Commemorative Pitcher, Preble v. Tripoli
Commemorative items, such as this creamware pitcher, were produced to celebrate the victory of Commodore Edward Preble during the first battle of the war. Engaging in both hand-to-hand combat and exchange of fire from ships, three gunboats were captured and three others were sunk. Only fourteen Americans had been wounded or killed in comparison to more than a 100 reported Tripoline casualties. Constitution, despite being fired upon for nearly two hours, suffered very little damage since the Tripoline forces were firing too high.
The inscription on the pitcher lists the number and type of ships in Preble’s squadron and boasts about the gunboats taken as prizes and the “great number” of enemy forces killed. Adorned with the Great Seal featuring a bald eagle, this pitcher evokes patriotism and a deep sense of American pride, despite the irony that this pitcher was made by British potters in Liverpool due to a lack of industrialization needed to support American-made ceramics.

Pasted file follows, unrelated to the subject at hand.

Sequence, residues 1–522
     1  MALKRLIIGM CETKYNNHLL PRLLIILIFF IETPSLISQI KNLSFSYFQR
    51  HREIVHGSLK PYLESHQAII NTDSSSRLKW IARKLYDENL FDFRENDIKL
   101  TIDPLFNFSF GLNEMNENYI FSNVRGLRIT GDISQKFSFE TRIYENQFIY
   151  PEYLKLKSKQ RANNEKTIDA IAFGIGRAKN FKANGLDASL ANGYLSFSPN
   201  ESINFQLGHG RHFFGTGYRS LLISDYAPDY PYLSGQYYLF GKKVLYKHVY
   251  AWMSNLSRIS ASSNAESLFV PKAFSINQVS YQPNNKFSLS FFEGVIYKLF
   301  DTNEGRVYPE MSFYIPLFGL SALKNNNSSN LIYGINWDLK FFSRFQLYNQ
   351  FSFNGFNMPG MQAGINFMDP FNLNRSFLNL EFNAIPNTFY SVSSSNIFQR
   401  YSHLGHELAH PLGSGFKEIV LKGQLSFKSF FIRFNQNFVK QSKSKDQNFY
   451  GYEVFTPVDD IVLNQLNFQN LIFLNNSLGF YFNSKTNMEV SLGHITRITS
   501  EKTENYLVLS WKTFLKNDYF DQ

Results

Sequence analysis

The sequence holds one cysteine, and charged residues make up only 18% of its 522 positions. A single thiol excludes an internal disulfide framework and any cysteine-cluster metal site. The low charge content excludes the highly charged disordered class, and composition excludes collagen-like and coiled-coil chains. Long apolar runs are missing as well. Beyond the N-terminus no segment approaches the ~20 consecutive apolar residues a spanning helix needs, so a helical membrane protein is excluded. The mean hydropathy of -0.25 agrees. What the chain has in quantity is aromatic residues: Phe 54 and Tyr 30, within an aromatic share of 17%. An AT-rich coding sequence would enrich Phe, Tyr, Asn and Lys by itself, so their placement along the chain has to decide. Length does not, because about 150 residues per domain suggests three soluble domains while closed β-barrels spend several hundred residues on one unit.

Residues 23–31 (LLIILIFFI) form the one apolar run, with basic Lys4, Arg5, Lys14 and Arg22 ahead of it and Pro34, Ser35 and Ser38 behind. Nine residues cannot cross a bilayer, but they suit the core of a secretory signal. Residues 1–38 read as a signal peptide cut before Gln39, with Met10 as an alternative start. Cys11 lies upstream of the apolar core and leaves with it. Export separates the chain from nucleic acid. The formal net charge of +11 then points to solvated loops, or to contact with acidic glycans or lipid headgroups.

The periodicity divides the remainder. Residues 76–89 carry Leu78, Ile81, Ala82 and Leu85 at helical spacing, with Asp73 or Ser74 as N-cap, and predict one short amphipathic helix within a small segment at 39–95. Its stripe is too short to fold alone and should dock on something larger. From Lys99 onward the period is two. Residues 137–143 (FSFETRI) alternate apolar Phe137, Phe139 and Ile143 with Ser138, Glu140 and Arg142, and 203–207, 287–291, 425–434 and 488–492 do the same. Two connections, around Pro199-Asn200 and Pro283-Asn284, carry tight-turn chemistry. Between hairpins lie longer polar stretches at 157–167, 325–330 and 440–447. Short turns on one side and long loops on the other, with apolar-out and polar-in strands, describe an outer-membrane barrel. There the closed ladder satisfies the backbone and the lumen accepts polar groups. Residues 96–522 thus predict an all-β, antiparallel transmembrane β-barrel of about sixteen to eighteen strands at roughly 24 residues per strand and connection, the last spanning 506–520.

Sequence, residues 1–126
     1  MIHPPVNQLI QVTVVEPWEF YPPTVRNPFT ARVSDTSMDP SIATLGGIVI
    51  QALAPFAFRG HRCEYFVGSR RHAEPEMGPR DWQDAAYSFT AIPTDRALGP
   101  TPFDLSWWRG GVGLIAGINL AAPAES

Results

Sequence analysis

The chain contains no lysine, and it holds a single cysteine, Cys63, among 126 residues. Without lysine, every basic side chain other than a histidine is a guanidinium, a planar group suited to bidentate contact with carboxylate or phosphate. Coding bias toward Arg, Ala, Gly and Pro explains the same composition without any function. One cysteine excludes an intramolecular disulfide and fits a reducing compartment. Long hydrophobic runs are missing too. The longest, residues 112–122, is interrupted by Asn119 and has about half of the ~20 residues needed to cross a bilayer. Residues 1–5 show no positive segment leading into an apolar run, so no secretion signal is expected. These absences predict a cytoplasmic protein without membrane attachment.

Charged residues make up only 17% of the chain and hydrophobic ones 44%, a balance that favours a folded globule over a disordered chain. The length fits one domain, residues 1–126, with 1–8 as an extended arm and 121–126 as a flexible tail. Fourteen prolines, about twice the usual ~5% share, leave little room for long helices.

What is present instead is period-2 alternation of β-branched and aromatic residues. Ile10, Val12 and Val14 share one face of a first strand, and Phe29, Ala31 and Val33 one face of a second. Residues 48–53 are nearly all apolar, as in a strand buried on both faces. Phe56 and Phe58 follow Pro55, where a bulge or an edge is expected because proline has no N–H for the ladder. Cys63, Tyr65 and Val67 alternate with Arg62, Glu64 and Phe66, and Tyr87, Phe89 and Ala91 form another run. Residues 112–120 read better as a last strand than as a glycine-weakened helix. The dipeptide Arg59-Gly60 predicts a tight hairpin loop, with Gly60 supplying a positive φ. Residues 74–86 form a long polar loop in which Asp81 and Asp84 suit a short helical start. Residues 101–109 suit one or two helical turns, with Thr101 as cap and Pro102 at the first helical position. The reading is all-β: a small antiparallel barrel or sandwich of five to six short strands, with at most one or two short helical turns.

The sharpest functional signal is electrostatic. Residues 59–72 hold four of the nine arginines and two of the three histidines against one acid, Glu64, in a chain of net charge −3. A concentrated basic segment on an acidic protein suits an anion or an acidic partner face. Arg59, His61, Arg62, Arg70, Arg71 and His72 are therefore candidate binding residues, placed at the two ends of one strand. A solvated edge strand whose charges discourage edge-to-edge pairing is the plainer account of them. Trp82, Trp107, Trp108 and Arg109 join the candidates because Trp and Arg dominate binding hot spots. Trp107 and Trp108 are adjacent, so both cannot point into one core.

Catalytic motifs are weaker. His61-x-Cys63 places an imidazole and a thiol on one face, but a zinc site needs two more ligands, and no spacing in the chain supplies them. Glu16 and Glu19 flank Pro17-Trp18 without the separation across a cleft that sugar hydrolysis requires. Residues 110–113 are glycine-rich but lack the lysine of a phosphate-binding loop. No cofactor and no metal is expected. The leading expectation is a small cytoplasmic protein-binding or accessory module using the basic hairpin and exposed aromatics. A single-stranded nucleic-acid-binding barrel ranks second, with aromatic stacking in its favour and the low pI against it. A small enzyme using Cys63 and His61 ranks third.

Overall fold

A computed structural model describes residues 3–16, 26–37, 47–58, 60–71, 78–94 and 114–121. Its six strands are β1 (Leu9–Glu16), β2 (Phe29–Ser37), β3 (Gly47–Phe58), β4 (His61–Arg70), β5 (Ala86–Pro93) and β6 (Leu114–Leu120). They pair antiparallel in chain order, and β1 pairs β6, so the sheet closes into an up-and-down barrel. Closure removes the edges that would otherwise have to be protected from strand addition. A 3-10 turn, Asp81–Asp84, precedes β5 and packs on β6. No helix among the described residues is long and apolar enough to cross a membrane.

Until he was relieved as Commodore, Preble presided over a squadron consisting of Constitution (44 gun), Syren (16), Argus (16), Scourge (14), Vixen (12), Nautilus (12), and Enterprise (12). A small force for a daunting task, Preble led the squadron in several attacks on Tripoli’s defenses that made a significant impression on the Pascha, all while suffering from ulcers and braving the fickle winds and adverse currents. For his service, Preble received a gold medal from Congress once he arrived home in 1805.